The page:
3 Top Concussion and Traumatic Brain Injury Causes

Traumatic brain injuries (TBIs) are among the most diverse injuries a person can sustain. Ranging from mild to severe, TBIs can have a significant impact on the lives of the people who experience them. Traumatic brain injury causes and symptoms also vary dramatically depending on the age of the person and their level of injury.

What is a Traumatic Brain Injury?

A traumatic brain injury is an injury that is caused by a blow or impact to the head. A TBI is identified as mild, moderate, or severe and is typically measured using the Glasgow Coma Scale. This scale, which provides a “practical method for assessment of impairment of conscious level in response to defined stimuli,” focuses on eye opening, verbal response, and motor response.

Traumatic brain injuries are divided into three main categories:

  • Closed Head Injuries — This variety of TBI is the most common, accounting for about 75% of all TBIs that occur annually.
  • Open-Wound Injuries — Often life-threatening, this type of injury results when something hits the head with enough force to penetrate and fracture the skull.
  • Crushing Head Injuries — Although this is the least common variety of TBI, it is also the most severe and life-threatening.

Symptoms of a Traumatic Brain Injury

Mild traumatic brain injuries can result in a variety of short- and long-term symptoms, including blurry vision, confusion, and lethargy. Although the specific effects will differ for each person, there are a wide range of symptoms that can impact a person’s emotions, linguistic capabilities, sensory functions, and cognitive abilities.

According to the U.S. Centers for Disease Control and Prevention (CDC), severe traumatic brain injuries can result in symptoms that include:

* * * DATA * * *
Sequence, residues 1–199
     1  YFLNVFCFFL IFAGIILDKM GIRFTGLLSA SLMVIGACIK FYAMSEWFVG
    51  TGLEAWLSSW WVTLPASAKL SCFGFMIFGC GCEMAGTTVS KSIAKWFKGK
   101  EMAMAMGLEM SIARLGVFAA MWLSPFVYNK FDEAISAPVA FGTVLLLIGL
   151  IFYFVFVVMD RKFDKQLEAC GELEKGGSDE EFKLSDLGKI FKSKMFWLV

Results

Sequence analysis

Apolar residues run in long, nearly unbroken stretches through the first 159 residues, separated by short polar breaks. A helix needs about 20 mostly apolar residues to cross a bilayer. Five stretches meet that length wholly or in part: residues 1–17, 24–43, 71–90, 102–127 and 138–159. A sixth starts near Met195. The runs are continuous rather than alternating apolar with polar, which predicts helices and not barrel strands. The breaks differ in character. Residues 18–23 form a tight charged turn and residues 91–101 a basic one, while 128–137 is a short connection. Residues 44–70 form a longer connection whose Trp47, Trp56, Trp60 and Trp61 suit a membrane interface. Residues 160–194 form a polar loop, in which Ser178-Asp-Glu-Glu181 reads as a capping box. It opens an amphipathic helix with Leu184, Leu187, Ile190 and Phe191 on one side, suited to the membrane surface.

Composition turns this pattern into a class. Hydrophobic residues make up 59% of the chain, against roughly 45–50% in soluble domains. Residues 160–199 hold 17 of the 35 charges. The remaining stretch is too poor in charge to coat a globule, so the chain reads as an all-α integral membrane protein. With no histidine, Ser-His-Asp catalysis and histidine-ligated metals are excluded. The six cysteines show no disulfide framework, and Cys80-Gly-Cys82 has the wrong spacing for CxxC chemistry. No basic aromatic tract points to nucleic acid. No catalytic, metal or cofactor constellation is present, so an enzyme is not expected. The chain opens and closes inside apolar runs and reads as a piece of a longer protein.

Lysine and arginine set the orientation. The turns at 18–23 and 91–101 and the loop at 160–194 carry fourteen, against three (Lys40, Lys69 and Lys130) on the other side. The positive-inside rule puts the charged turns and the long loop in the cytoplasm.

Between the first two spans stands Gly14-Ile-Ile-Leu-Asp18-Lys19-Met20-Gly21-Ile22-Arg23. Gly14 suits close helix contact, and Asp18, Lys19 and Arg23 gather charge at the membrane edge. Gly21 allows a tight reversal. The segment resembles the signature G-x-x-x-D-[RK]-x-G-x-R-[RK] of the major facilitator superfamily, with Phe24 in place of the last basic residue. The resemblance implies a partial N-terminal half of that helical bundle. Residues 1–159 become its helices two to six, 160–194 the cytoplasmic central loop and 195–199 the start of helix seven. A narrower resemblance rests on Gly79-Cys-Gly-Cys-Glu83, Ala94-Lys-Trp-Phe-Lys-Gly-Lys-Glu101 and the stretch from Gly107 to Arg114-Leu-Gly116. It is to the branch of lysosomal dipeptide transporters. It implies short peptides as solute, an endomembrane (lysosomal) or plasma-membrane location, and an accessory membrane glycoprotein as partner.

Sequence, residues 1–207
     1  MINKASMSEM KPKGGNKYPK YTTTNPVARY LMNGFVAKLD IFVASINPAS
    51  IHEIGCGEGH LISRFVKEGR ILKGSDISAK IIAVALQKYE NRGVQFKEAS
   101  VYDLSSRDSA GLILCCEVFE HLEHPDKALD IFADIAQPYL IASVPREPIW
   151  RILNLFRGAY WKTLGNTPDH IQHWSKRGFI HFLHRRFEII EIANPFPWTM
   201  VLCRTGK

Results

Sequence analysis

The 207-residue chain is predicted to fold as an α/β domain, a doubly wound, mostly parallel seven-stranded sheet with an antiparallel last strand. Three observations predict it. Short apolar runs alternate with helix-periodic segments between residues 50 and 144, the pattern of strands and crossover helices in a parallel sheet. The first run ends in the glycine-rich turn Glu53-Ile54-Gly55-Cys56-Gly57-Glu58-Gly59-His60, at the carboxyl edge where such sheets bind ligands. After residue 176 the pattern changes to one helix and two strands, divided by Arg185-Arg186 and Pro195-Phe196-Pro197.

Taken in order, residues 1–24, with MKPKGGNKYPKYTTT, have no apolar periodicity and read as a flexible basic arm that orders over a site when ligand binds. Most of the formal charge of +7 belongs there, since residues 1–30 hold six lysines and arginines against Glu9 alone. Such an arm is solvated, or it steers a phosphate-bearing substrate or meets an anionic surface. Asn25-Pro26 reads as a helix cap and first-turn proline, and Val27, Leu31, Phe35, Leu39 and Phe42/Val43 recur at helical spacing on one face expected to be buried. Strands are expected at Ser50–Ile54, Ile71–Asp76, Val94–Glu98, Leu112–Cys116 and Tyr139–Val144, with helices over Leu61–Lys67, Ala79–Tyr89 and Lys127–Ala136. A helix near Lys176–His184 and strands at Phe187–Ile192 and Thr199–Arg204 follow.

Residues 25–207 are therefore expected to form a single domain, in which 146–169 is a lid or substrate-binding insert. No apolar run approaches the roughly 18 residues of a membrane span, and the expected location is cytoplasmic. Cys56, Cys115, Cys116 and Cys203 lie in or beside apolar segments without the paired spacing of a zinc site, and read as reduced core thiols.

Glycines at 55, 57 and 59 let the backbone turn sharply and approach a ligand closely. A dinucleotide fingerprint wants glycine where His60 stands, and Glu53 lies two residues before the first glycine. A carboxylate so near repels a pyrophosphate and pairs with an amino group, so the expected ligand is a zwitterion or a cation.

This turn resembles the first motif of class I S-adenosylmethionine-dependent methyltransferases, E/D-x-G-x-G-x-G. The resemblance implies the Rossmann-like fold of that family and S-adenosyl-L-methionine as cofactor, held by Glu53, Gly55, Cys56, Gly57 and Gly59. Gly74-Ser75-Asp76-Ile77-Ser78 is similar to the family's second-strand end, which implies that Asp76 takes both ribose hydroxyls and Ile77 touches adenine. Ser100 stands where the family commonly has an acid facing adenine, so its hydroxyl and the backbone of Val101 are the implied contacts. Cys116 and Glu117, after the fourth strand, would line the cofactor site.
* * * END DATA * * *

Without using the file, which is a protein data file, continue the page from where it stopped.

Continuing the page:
• Amnesia
  • Loss of consciousness (coma)
  • Loss of cognitive functions (memory, attention, etc.)
  • Numbness or loss of motor function in extremities
  • Pupil dilation
  • Seizures
  • Vomiting

Is a TBI Different Than a Concussion?

In a nutshell, concussions are a form of traumatic brain injury. Mild TBIs are frequently referred to as concussions. According to the CDC, “about 75% of TBIs that occur each year are concussions or other forms of mild TBI.” Though classified as mild, repeated concussions can cause permanent damage.

Traumatic brain injury causes can vary greatly depending on the age of the person. Below, we identify some of the leading causes of traumatic brain injury and concussions for people in the United States:

3 Leading Traumatic Brain Injury Causes

The U.S. Centers for Disease Control and Prevention website ranks the top three traumatic brain injury causes as falling, being hit by or against something, and automobile accidents. Other common causes of TBIs include sports-related injuries and assaults. The leading causes of TBIs for military members include assaults, blasts, bullets, falls, fragments, motor vehicle accidents and rollovers, and sports.

1. Falling

According to the aforementioned CDC website, falls were the leading cause of traumatic brain injuries and accounted for 47% of all traumatic brain injury-related emergency department visits, hospitalizations, and deaths in 2013. These types of injuries disproportionately affected people 14 years of age and younger, and adults over age 65 in that year.

2. Being Struck in the Head

Among the top brain injury causes is being hit by or against an object. This type of head injury can occur when someone is assaulted, an object falls on or collides with their head, or they are otherwise struck.

3. Motor Vehicle Crashes

The CDC ranked automobile accidents as the last of the top three leading causes of traumatic brain injury-related ED visits, hospitalizations, and deaths in 2013. These injuries often result from being in or on a vehicle, such as a car or a motorcycle, or by being a pedestrian that is struck by one.

To learn more about traumatic brain injury causes and symptoms, emergency interventions and treatment, complications, and legal issues, be sure to download our complimentary resource by clicking on the link below.

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Topics: Accidents, Traumatic Brain Injury

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